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Canadian Kids Need to Move More to Boost Brain Health

All kids deserve to thrive in mind and body. But in order for them to reach their full mental, emotional and intellectual potential, we have to foster the important connection between the health of the body and of the mind. For decades we’ve heard how physical activity improves heart health, helps maintain healthy body weight, and builds strong bones and muscles in kids. Now it’s time to take a closer look at what physical activity does for their brain.

The report found that only 35 per cent of 5 to 17 year-olds and 62 per cent of 3 to 4 year-olds are getting the recommended physical activity levels for their age group and that this may be having an impact on the health of their brains. We also know that 76 per cent of 3 to 4 year-olds and 51 per cent of 5 to 17 year-olds are engaging in more screen-time than is recommended by the Canadian Guidelines for screen-based sedentary behaviours. A growing body of evidence indicates that physical activity in childhood is essential for a healthy brain and leads to improved:

  • Thinking, learning and memory
  • Problem-solving ability
  • Brain plasticity – the growth of new brain tissue
  • Stress management and ability to cope with anxiety and depressive symptoms
  • Self-esteem and self-worth
  • Attention and focus

Regular physical activity – even in short bouts – can help kids’ brains on many levels, including better cognition, brain function, and mental health (i.e. emotional, psychological and social well-being). For example, according to the report, research has shown that students who exercise before a test show stronger brain function than those who don’t. Furthermore, children and youth who have brain-based disabilities, such as autism spectrum disorder or ADHD, may experience the greatest benefits and improvements in cognitive function as a result of regular physical activity.

At the YMCA of Simcoe/Muskoka, we know first hand that exercise is one of the most effective ways to improve mental health. Helping kids grow in mind, body and spirit is one of our top priorities and we will continue to make physical activity accessible to all families in our communities.

Tips to Get Kids More Active

Be active as a family – if your kids see you being active they’ll likely grow up being active too. In addition to you being a good role model, getting active as a family encourages togetherness and connectedness, which are all important for good mental health.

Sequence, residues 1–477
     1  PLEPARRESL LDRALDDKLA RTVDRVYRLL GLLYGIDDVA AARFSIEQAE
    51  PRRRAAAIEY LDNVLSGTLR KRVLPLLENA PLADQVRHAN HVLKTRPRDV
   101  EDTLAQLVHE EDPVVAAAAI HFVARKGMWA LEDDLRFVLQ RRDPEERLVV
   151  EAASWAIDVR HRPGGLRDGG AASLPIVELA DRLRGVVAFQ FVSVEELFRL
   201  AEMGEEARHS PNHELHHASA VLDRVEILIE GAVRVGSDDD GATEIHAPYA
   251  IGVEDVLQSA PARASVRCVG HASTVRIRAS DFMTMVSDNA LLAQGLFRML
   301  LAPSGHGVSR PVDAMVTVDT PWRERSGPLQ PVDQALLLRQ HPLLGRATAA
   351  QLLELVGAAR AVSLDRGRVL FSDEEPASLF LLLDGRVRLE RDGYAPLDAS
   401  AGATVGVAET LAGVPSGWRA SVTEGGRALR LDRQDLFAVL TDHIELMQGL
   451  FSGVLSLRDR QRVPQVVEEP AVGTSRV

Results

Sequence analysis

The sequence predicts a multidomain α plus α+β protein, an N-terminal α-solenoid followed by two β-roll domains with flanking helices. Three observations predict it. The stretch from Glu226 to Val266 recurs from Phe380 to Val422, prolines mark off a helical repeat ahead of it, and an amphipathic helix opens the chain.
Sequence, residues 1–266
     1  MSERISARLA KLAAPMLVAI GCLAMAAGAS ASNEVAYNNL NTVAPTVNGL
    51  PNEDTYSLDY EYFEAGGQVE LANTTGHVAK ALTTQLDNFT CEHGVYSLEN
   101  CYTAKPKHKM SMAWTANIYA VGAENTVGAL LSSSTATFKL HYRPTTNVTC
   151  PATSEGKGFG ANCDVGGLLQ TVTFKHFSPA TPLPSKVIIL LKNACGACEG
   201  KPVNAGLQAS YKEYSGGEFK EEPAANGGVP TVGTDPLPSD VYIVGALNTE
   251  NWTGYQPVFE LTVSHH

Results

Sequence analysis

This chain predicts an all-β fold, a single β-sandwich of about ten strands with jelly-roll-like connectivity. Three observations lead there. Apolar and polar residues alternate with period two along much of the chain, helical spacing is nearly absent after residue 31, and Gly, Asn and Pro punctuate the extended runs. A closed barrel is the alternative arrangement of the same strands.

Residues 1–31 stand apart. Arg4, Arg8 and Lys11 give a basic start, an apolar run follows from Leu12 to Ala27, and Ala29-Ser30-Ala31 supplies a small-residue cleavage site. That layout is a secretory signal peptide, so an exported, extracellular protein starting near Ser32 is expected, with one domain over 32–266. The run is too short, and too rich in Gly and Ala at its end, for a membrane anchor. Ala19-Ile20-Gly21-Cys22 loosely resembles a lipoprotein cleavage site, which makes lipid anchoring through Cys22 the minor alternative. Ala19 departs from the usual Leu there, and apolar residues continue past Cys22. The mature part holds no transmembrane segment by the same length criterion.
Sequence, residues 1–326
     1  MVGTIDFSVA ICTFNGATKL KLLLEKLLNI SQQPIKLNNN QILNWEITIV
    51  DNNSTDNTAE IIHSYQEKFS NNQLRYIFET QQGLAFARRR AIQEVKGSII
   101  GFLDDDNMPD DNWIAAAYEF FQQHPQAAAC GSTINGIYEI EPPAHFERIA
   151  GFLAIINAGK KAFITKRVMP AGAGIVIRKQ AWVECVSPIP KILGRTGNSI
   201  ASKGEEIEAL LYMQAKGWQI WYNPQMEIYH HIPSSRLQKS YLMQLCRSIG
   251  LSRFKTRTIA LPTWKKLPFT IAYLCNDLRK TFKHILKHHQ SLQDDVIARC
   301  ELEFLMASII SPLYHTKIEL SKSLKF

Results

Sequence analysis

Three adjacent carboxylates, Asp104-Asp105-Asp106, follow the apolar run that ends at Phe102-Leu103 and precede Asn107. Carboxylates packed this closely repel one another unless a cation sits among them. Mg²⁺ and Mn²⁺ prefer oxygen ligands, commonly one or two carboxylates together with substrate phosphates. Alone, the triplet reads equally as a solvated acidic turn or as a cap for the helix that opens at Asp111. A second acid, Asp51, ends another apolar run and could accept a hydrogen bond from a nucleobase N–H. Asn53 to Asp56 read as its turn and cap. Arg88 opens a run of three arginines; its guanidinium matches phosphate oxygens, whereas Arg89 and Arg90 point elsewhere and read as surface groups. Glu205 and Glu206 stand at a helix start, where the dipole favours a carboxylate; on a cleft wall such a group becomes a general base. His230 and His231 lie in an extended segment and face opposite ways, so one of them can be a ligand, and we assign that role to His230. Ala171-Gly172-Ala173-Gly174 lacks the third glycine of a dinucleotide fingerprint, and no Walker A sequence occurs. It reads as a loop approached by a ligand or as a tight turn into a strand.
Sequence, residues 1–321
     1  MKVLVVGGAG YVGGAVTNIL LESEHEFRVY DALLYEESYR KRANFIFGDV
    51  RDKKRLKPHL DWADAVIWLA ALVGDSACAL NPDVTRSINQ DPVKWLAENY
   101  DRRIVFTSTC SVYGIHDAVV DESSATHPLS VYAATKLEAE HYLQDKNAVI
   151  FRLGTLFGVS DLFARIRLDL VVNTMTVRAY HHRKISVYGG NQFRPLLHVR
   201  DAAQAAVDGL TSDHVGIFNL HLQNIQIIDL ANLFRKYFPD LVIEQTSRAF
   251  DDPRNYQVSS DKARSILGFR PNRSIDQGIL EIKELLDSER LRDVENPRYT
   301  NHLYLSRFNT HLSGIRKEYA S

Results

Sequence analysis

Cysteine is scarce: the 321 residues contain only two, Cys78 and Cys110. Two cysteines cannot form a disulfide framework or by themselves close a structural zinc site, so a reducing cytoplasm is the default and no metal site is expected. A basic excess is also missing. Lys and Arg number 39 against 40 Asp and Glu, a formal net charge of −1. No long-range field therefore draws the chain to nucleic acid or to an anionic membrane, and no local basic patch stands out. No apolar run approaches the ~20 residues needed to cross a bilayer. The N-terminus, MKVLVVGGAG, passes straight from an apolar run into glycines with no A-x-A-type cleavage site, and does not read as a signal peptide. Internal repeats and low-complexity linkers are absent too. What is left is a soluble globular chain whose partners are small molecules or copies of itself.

Encourage daily activity – if you want to help your kids reach their mental, emotional and intellectual potential engage them in daily physical activity. It may be the most accessible, but underutilized, way to support them. Enroll them in recreational sports and camps or simply get them playing outdoors more.

To download the 2018 ParticipACTION Report Card Highlight Report, including the Expert Statement, or Full Report, please visit

For recommendations and programs on how to increase kids’ physical activity and improve brain health, please visit

Rob Armstrong is President and CEO of the YMCA of Simcoe/Muskoka; focused on investing in communities, ensuring all people have access to the Y and implementing programs that are helping thousands of youth and families to learn and thrive. Prior to joining the YMCA of Simcoe/Muskoka in 2011, Rob held senior leadership positions at the YMCA of Edmonton, YMCA of Owen Sound, YMCA of Cambridge and most recently YMCA Ontario. Rob holds an Honours degree in Physical and Health Education from Queen’s University and has since augmented his education with advanced courses from the Harvard Business School of Entrepreneurship, Ivy School of Business and Queen’s University Executive Education Program.

Since coming to Simcoe/Muskoka, Rob has taken an active leadership role in the Child, Youth and Family Services Coalition of Simcoe County and Barrie’s Pathways to end homelessness. He served on a number of boards including local Community Foundations, Affordable Housing, Parks and Recreation Ontario and the Minister of Health Promotions Health Advisory Committee.

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